July 23, 2020
How to use waterfall condition checks in your customer journeys
Don’t go chasing waterfalls - simply implement them today
Autopilot users will often fall into two camps when it comes to filtering a list or segment. There are those that use segment criteria to create new segments for each audience subset, while others prefer to trigger an entire audience into a journey and use condition checks to achieve the same segmentation. There is no right or wrong way, but for those users who prefer the latter approach, there is one crucial element to include - the catch all at the end of the waterfall.
For example, in this journey we’re sending a newsletter out at the same time across multiple timezones to account for a global readership.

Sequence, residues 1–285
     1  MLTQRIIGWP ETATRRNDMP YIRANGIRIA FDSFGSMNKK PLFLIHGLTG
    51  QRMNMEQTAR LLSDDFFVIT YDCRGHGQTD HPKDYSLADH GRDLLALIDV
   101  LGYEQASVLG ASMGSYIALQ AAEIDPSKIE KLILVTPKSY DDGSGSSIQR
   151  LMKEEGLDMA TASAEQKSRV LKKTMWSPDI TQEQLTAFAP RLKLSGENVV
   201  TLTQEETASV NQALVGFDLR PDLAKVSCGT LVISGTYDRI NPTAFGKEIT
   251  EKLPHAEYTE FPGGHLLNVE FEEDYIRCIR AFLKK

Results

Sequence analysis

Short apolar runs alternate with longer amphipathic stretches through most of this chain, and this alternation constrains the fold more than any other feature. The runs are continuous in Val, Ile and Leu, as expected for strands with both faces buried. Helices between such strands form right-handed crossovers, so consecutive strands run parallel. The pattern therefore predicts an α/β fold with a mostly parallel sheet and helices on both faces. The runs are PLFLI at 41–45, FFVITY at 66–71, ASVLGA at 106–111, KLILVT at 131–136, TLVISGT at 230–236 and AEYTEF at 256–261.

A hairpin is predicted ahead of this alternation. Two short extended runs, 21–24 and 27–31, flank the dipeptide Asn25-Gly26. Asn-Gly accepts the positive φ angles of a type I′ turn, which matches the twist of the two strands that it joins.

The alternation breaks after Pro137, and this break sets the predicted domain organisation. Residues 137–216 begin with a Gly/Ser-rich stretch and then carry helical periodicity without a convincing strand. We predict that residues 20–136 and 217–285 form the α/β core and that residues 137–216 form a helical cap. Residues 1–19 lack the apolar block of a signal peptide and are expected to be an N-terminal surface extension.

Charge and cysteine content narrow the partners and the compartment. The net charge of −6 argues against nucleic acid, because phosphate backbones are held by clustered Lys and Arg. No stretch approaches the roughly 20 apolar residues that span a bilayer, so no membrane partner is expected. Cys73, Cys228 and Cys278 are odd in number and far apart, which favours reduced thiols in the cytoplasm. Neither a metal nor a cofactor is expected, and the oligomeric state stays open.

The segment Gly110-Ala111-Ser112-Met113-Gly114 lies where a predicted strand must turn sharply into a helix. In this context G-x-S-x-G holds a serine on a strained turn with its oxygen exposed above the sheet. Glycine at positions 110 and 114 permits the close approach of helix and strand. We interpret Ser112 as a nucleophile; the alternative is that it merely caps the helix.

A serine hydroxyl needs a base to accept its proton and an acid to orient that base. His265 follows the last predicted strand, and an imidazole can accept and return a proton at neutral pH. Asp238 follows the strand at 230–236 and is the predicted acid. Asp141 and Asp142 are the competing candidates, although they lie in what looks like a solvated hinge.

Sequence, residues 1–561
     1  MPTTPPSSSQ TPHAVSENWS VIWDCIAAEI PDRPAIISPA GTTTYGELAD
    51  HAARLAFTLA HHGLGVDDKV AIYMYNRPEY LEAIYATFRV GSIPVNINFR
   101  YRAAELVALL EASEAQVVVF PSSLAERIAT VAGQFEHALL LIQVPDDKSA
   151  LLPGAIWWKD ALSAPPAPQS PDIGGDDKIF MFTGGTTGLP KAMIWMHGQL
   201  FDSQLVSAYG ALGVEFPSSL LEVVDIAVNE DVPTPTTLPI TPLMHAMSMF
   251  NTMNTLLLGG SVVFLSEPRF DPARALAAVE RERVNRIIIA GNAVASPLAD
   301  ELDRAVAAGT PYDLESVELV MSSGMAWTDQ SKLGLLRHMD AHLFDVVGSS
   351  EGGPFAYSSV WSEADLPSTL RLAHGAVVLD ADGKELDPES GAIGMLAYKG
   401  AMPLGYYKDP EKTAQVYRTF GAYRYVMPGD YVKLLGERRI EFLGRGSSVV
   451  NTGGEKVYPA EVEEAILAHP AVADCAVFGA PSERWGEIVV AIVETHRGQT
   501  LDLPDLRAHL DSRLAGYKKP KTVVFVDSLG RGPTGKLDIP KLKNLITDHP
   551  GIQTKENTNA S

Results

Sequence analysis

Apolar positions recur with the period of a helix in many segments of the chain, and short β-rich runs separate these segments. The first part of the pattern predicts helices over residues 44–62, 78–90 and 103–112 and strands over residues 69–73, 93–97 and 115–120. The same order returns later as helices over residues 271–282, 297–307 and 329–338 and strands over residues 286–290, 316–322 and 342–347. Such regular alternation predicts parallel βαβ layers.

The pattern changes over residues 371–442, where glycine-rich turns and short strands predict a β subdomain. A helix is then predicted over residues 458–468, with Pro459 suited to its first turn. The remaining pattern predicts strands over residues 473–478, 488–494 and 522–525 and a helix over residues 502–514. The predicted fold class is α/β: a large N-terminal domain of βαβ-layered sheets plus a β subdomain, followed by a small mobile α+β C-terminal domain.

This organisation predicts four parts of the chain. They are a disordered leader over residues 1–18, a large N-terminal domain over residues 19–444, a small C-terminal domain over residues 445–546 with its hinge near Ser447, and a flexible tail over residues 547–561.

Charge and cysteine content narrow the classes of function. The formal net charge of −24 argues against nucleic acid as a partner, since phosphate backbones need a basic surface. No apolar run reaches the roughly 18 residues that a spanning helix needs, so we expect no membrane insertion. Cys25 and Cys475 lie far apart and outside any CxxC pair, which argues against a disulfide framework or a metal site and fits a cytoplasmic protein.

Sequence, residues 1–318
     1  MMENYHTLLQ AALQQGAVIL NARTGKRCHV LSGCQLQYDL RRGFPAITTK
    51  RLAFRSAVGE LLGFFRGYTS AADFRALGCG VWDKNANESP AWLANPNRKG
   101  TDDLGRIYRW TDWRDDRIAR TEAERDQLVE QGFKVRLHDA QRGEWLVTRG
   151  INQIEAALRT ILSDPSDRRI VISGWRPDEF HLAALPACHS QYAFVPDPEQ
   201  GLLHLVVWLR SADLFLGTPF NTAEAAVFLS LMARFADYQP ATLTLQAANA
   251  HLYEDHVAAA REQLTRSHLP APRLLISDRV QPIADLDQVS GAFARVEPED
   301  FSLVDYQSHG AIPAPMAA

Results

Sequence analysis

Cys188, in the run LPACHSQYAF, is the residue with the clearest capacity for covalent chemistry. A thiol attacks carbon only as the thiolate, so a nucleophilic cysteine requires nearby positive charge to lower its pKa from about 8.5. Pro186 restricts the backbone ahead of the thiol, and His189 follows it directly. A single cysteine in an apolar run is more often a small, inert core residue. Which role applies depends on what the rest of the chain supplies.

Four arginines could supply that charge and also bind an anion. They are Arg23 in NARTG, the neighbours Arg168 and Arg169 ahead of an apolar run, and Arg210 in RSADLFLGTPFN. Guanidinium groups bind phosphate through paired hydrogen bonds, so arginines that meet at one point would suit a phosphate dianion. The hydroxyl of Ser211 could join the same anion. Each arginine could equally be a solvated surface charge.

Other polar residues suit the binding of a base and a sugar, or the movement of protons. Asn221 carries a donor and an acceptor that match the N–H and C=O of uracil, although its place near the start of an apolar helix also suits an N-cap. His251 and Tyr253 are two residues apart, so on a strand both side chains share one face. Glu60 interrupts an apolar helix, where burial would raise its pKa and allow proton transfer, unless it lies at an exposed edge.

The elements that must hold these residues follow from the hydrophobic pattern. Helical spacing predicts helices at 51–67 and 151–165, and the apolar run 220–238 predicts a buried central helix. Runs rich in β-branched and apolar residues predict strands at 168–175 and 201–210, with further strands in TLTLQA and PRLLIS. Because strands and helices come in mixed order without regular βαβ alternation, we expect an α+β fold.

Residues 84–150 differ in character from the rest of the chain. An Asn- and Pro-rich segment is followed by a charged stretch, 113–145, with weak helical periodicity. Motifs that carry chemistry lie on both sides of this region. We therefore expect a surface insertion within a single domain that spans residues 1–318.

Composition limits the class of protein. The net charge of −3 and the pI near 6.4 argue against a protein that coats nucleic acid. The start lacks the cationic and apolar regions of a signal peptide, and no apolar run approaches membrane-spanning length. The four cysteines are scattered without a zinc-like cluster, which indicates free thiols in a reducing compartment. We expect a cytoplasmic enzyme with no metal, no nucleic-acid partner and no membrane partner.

We’ve used a waterfall configuration for our journey logic, so that where a contact does not meet a particular criteria they flow down into the next condition check. At the very end, we have our catch all - those contacts for whom we don’t have location data, or perhaps are based in a country we haven’t accounted for in our checks. By including this catchall, we ensure that every contact receives the newsletter, rather than languishing in a shape at the end of our journey.
Try out a condition check waterfall with this simple template
In this template, we’ve demonstrated best practice for organising Condition Checks by using a very basic example of splitting out all contacts into leads, trialists, and customers. By stacking the shapes under each other, and using the No pathway option, you can easily flow contacts through each condition, to be checked until they match. The benefit of the waterfalling technique is that you avoid creating duplicate versions of your contacts and splitting them down multiple pathways, which makes your journey reporting much easier to understand. It also ensures that your contacts don’t receive multiple emails if they meet several of your criteria.